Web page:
Tuesday, May 22, 2012

Report from the G.I. Film Festival

At first, it feels like kind of an odd juxtaposition to be walking down a red carpet at the foot of the U.S. Navy Memorial in Washington, D.C. But that's how the G.I. Film Festival rolls. And if you think about it, why not? The relationship between film and the military is arguably one of the industry's strongest and longest-standing.

Except that the GIFF, now in its fifth year, doesn't exist to further tout the big Hollywood military blockbusters. Its purpose is to shine a spotlight on independent fare that portrays the military in more intimate and non-conventional ways. (Like "Memorial Day" itself, the festival isn't pro-war or anti-war; it's pro-empathy.)

We were fortunate enough to play last Saturday night as part of a special GIFF event honoring military spouses. The evening included an awards ceremony honoring the Lifetime TV series "Army Wives" and was attended by lead actors Sally Pressman and Brian McNamara. And we played after a cleverly conceived and well-executed 6-minute short film called "High Card Trumps," directed by Geoffrey Quan.

The organizers of the festival couldn't have been nicer, and it must be said that after a dozen screenings, the film has never looked or sounded better than it did at the GIFF. While the theater itself was chilled to about 55 degrees, the audience reception was pleasantly warm, especially after the show as we hob-nobbed with media members and fellow filmmakers.

After the screening, director Sam Fischer invited me, executive producer Jeff Traxler, producer Craig Christiansen and editor Bill Rammer up on stage for a brief Q&A, where I was once again surprised that one of the most frequent questions we get involves how we accomplished a certain scene involving a prosthetic body part. The line of the night went to Jeff Traxler, who quipped that "we were done with that actor, anyway, so we thought we might as well shoot him."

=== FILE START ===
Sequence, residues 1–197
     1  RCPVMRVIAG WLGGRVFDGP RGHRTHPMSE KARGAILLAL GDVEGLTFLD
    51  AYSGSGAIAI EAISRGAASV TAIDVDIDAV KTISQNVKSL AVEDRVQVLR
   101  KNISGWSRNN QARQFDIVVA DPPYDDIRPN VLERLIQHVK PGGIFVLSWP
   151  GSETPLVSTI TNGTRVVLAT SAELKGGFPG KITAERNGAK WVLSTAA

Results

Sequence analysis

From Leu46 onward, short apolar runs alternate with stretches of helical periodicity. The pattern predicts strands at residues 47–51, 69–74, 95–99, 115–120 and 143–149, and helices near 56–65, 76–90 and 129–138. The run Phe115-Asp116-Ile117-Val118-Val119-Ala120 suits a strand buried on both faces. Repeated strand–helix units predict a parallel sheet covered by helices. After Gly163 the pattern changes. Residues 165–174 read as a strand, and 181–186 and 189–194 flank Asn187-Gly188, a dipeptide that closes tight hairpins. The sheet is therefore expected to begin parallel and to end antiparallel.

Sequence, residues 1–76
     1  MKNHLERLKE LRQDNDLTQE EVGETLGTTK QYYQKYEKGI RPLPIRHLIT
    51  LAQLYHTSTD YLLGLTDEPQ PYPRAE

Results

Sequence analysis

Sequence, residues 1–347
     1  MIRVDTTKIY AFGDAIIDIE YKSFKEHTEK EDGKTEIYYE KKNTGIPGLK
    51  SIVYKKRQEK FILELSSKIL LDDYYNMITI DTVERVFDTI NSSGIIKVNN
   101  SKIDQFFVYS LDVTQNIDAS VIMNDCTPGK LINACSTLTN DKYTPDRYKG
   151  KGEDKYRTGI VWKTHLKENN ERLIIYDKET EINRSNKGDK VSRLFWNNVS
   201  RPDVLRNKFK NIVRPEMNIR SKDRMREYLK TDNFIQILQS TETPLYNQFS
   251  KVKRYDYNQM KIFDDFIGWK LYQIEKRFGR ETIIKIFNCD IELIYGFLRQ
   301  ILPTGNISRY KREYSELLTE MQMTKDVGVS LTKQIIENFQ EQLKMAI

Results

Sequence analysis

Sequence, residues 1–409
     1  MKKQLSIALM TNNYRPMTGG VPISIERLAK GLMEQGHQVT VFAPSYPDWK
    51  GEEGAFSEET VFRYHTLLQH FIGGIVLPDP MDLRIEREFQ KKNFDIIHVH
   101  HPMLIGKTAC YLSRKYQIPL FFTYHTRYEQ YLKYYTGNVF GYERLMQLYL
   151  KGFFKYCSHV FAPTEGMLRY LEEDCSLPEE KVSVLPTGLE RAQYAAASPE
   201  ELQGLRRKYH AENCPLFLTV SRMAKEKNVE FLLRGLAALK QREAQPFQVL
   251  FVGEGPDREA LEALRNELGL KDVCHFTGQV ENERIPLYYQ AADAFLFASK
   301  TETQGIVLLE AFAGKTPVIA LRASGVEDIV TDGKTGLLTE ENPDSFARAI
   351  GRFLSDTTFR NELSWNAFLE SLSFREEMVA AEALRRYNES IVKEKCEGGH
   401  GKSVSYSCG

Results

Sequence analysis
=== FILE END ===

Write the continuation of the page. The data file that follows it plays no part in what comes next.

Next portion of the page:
When we returned home, we were thrilled to find out that the GIFF has awarded us "Best Narrative Feature" of 2012--our second such award if you include the Audience Award for Best Narrative Feature at the Minneapolis St. Paul International Film Festival. Thank you, D.C., and thank you, GIFF!

Friday, May 11, 2012

Report from the Austin Screening

Gotta love it when your director and one of your star actors help set up the "step and repeat."
Okay, we're not talking about the Austin of South by Southwest fame. We're talking Austin, Minnesota--birthplace of three legends: John Madden, my wife, and Spam.

Wednesday, May 9, was a special screening set up by "superfan" Kathy Green, a woman who simply loved the movie so much that she decided to set up her own event to share the film and benefit the wonderful organization Beyond the Yellow Ribbon. Sam Fischer, John Cromwell ("Lt. Bud Vogel"), Sean Dooley ("Sgt. O'Hara"), Craig Christensen and I were honored to be there to watch the film with 200 other southern MN folks, many of them in uniform.

Each screening crowd has reacted somewhat differently to the film, and what was surprising about the Austin audience was how much they seemed to get the movie's subtle attempts at humor (most appreciated by the screenwriter). As we signed posters after the show, I was asked by a grateful vet where I got the idea to give SSgt. Kyle Vogel an issue with migraines, as he was plagued by the same issue after Vietnam. Although it was a somewhat random decision in the service of giving a hero an Achilles heel, the truth is that migraines are a significant issue and marker for other health problems among returning vets from Iraq and Afghanistan.

The most memorable moment for me was getting the privilege of meeting a rare, real-life Rosie the Riveter--a woman who worked as a machinist in World War II. It once again hit me that these amazing people are out there, unnoticed ... at the supermarket, the gas station. People who in one way or another served in what WWII historian John Keegan aptly called "the largest event in human history." For the most part, my GenX tribe knows nothing of the sort. And although I hope we never do, we should honor and appreciate the people who endured that experience before they disappear from view.

Say what you will about small American towns; one thing I feel each and every time we visit one is that the thread of history is a bit longer, connections to the past stronger. Thank you, Kathy. And thank you, Austin.